Dancing on the edge of vertigo
Climbing might be a sport and a pastime, but for some it is a purely aesthetic experience, bordering on the spiritual. For them, the goal isn’t just to conquer the peak, but to revel in the very act of climbing: the moment-to-moment decisions that guide foot to crevice and hand to crack, the shifts in weight and the beauty of the line of the climb. Others, called free climbers, are driven by a more radical credo.
They seek to reclaim public spaces, like graffittists and skateboarders, by secretly scaling buildings in urban settings.
Last year, choreographer Steve Batts, visual artist Dan Shipsides and dancers from Echo Echo Dance Company camped out in a sheltered cove, Port-a-Doris, near Shroove in Co Donegal. to investigate artistic common ground between climbing and dance. Two days spent ascending the cliff-face and choreographing movement led to an installation and performance called Vertical Nature Base. That has now developed into The Cove, a dance theatre production for eight female dancers with a dramatic set designed by Shipsides.
The idea came from a shared interest in climbing and evolved through support offered by the Legacy Trust, an independent charity set up to encourage arts and sports partnerships and create a cultural and sporting legacy from the 2012 Olympic and Paralympic Games.
“For me art is about inquiry,” says Shipsides. “It’s about changing perspectives and finding out what else becomes visible when I create something. And that’s what I discover in climbing. I can go in and out of different states. At times I might have to reduce my focus on to a detail in the rock and at other times I notice the wind or the view, but my perspective is changing all the time.”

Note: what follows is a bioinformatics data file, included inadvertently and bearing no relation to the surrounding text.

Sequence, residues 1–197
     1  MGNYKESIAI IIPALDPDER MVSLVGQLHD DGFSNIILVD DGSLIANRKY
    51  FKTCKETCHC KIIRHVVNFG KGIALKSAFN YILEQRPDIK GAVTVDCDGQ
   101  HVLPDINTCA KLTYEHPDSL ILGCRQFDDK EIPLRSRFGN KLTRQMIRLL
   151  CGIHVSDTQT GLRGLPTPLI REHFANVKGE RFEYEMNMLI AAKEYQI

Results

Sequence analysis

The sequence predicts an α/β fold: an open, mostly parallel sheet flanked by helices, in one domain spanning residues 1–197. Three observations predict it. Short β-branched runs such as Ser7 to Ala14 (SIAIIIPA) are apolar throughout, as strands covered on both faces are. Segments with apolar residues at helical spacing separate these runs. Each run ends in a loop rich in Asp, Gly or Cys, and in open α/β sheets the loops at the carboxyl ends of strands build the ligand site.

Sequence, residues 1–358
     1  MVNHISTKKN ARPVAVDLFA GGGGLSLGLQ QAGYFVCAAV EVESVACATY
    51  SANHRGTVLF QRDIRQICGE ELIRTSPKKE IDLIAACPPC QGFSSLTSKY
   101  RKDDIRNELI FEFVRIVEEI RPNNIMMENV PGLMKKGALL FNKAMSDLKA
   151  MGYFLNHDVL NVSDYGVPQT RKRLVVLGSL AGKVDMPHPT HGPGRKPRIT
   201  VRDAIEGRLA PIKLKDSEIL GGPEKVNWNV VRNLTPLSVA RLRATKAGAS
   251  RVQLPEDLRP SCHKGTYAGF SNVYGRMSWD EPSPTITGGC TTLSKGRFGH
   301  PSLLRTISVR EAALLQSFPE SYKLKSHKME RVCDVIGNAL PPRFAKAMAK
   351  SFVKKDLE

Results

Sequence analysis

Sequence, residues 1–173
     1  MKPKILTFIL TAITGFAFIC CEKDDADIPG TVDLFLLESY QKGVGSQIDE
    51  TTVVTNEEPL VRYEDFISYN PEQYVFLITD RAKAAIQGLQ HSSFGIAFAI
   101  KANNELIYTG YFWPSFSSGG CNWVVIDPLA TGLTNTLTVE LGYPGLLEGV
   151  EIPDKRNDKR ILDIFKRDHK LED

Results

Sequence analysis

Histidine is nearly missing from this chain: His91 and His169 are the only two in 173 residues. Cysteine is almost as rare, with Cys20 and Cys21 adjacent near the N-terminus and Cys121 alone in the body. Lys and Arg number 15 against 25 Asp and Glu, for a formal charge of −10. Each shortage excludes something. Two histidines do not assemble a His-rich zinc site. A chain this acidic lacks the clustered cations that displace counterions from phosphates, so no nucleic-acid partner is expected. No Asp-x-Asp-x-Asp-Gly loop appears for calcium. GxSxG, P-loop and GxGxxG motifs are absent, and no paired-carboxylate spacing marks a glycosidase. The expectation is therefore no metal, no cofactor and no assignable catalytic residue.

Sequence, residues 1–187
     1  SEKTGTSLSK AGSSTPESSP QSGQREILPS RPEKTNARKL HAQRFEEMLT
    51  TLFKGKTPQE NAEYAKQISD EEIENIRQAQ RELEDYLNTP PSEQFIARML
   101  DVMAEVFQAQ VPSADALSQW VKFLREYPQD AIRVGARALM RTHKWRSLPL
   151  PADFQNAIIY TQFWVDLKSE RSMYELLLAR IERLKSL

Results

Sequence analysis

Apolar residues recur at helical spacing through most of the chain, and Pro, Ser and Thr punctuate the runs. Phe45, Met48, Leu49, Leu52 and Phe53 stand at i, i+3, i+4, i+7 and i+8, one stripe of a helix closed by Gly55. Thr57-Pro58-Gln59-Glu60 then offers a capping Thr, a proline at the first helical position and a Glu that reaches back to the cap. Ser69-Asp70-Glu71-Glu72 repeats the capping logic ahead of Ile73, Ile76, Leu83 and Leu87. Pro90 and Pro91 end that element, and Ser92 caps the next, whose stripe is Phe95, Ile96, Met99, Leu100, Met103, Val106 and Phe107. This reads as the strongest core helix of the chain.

Danger is ever-present and central to climbing philosophy. Whether one climbs for self-discovery, fame, spirituality or to belong to an elite group, the possibility of death is what heightens the experience.
“That basic existential question is always there,” Batts says. “Are you climbing because you are repressing the existential danger or because you are constantly aware of it?” He witnessed a bad accident at an indoor climbing wall a few years ago and it intensified his fear. He stopped climbing for few years and even now will always have someone else check his harness before a climb.
These kinds of safety precautions are spurned by a climbing subculture that prefers to scale buildings and walls wearing just sneakers and street clothes. Called buildering, it has a kin with alternative urban pursuits such as free-running or parkour. It also shares their radical philosophies of promoting freedom from conformity and combating the increased privatisation and surveillance of urban spaces.
Buildering’s origins predate our CCTVed cities. In 1899, Geoffrey Winthrop Young published the first handbook, The Roof Climbers’ Guide to Trinity. A manual for climbing Cambridge’s highest spires and rooftops, it was coveted by students and led to an increase in night climbing, a trend captured in a subsequent book, The Night Climbers of Cambridge, written in 1927 under the pseudonym “Whipplesnaith.”